How To Really Save the Economy

Today’s NY Times has an op-ed by Robert Barro, of the Hoover Institution and Harvard University. It’s not surprising that someone from the Hoover Institution says “Austerity not Stimulus.”  But as Franklin D. Roosevelt proved during the Depression, while both business and government may be able to hire in times like these, ONLY the government is willing to hire.  Therefore we need stimulus. The question is “Which stimulus?”

Because of the NJ Clean Energy Program, we went form 9 kilowatts of solar power to about 400 megawatts in the last 11 years. Suppose we expanded the NJ Clean Energy Program to put a 40 KW solar array on every school in NJ, and the US?

What would it cost? What would it buy?

For starters, taxpayers pay the electric bills of schools. So if new solar is cheaper than new coal or new nuclear then it seems like a good idea.  

And what happens in an emergency?

Here’s the letter I sent the Times, Pres. Obama, Rush Holt, and Senators Menendez and Lautenberg.

Dear Editor,

Re Robert Barro’s “How to Really Save the Economy,” NY Times, Sunday Review, Sept. 11, 2011.  One of the best kept secrets in New York City is the existence of a 40 kilowatt (KW) photovoltaic solar array on the Whitehall Street terminal of the Staten Island Ferry.  Some PV solar modules are guaranteed for 25 years and expected to produce power for 35 to 40 years. They require very little maintenance.

Suppose we were to install a 40 KW solar energy system on each of the approximately 90,000 schools in the US. At a cost of $5,000 per kilowatt of nameplate capacity, each system would cost $200,000.  This 3.6 gigawatts of distributed daylight-only capacity would cost about $18 billion.  The total costs would probably be less because PV Solar is subject to economic forces like Moore’s Law. What would it give us?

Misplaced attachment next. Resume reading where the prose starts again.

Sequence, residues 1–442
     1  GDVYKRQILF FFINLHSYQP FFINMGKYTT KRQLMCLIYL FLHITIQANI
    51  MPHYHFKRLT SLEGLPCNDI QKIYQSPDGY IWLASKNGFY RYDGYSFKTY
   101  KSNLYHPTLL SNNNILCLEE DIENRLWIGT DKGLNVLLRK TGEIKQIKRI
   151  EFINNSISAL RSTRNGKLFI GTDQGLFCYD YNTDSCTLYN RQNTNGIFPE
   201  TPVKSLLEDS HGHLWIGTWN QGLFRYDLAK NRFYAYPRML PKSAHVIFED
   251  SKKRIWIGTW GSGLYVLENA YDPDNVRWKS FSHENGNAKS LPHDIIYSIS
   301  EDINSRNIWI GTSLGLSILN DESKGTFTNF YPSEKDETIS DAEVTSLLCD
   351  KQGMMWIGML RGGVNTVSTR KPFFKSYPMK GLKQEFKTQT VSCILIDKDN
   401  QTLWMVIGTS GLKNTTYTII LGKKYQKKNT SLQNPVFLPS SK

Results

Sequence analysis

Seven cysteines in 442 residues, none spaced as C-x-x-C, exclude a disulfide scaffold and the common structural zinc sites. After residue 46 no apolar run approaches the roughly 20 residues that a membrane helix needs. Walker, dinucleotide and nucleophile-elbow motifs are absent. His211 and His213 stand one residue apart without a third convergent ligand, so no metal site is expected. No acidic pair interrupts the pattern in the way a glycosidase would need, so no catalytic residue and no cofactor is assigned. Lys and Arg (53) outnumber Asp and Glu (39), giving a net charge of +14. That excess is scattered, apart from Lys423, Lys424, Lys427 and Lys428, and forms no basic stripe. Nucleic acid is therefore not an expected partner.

Every public school in the country would have a power plant that generates power, during the day, with no fuel cost and no waste management cost. The capital cost would be lower than the cost of new nuclear and significantly lower than the costs of coal with carbon sequestration, with none of the risks or hazards: no arsenic, mercury, lead, thorium, uranium, zinc, or carbon.

The systems would be tied to the electric grid, after all, while most of their operations are during the day, schools need power at night. If these systems could be disconnected from the electric grid, then we would have 90,000 structures distributed all over the United States, with power during the day, in the event of power outages from storms, earthquakes, accidents, etc. Even if we lost 10% in a disaster like Katrina, would would still have 81,000 all over the country. Coupled with efficient refrigeration systems, we would have shelters with power to keep food and medications cold during emergencies; and these would be distributed across the country.

The systems would obviously have to be installed here, and we could even require the components to be manufactured here, further stimulating the economy.

Lawrence J. Furman, MBA

The author writes for Popular Logistics and has an MBA in Managing for Sustainability.  

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